DDIG members may be interested in learning more about Omeka, a simple and open source collections / content management application developed at George Mason University. I took part in using Omeka as the basis of the “Modern Art Iraq Archive” (MAIA). In this particular case, we used Omeka to publish a collection of modern art lost, looted, or destroyed during the US invasion. The same software can be very useful to publish small archaeological collections, particularly since Omeka has an active user and developer community that continually makes new enhancements to the application.

For a bit of background, MAIA started as the result of a long-term effort to document and preserve the modern artistic works from the Iraqi Museum of Modern Art in Baghdad, most of which were lost and damaged in the fires and looting during the aftermath of the 2003 US invasion of Iraq. As the site shows, very little is known about many of the works, including their current whereabouts and their original location in the Museum. The lack of documents about modern Iraqi art prompted the growth of the project to include supporting text. The site makes the works of art available as an open access database in order to raise public awareness of the many lost works and to encourage interested individuals to participate in helping to document the museum’s original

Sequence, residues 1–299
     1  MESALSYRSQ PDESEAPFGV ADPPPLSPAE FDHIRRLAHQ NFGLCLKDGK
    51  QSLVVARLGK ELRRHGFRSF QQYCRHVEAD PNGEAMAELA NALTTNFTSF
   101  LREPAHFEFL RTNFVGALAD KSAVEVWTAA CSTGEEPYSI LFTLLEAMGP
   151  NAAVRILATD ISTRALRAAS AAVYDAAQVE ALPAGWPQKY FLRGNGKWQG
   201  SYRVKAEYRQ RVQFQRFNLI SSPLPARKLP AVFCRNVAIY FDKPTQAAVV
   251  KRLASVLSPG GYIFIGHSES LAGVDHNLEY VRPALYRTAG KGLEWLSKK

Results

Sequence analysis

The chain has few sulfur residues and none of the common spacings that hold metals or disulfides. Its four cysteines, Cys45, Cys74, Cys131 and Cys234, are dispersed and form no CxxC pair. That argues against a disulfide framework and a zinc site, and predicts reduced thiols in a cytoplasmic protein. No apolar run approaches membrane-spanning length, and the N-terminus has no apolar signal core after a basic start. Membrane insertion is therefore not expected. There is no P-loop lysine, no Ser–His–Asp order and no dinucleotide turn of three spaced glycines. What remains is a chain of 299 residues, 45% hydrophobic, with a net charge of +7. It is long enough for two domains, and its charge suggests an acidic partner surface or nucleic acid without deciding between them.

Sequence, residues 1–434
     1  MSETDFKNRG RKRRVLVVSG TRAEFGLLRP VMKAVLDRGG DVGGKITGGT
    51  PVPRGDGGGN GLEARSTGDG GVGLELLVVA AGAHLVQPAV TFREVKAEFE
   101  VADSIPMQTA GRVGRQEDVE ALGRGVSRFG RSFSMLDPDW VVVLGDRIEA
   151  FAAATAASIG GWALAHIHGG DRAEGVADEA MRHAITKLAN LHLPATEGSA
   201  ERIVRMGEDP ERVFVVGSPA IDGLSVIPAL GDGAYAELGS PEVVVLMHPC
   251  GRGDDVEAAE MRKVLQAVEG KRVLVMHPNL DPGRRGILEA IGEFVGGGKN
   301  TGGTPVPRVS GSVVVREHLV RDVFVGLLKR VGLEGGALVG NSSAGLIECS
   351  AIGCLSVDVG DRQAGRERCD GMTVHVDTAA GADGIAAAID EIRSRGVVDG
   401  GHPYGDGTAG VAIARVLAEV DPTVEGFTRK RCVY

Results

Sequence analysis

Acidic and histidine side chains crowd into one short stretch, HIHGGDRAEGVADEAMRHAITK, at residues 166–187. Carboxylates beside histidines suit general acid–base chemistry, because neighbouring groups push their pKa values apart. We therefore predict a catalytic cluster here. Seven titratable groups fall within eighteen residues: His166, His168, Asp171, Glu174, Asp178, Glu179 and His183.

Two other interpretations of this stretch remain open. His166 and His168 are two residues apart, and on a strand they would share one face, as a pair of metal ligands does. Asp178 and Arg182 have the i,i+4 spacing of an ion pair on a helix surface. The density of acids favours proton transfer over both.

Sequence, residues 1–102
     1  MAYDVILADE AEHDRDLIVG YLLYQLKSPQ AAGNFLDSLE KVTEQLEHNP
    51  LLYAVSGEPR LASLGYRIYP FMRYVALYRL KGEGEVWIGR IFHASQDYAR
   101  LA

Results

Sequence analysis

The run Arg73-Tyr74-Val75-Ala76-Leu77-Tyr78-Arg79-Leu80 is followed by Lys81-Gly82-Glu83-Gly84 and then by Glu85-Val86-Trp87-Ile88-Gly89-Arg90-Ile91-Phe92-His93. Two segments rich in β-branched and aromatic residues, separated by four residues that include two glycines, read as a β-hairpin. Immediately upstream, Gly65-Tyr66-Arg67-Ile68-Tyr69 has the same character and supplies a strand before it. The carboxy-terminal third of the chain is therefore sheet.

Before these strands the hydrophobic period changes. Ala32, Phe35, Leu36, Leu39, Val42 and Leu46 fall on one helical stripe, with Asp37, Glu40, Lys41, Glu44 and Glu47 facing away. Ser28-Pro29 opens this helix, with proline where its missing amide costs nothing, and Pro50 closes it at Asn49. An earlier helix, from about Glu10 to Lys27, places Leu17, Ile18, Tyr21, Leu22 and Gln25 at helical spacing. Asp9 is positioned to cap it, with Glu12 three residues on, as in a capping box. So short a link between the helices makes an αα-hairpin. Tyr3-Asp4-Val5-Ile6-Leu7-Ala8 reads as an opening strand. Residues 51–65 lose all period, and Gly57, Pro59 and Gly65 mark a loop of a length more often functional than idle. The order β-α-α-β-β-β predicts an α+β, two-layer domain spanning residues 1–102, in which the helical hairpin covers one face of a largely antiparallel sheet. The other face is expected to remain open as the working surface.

and/or lost holdings.

The MAIA site is the culmination of seven years of work by Project Director Nada Shabout, a professor of Art History and the Director of the Contemporary Arab and Muslim Cultural Studies Institute (CAMCSI) at the University of North Texas. Since 2003, Shabout has been collecting any and all information on the lost works through intensive research, interviews with artists, museum personnel, and art gallery owners. Shabout received two fellowships from the American Academic Research Institute in Iraq (TAARII) in 2006 and 2007 to conduct the first phase of data collection. In 2009, she teamed with colleagues at the Alexandria Archive Institute, a California-based non-profit organization (and maintainer of this blog!) dedicated to opening up global cultural heritage for research, education, and creative works.

The team won a Digital Humanities Start-Up Grant from the U.S. National Endowment for the Humanities to develop MAIA.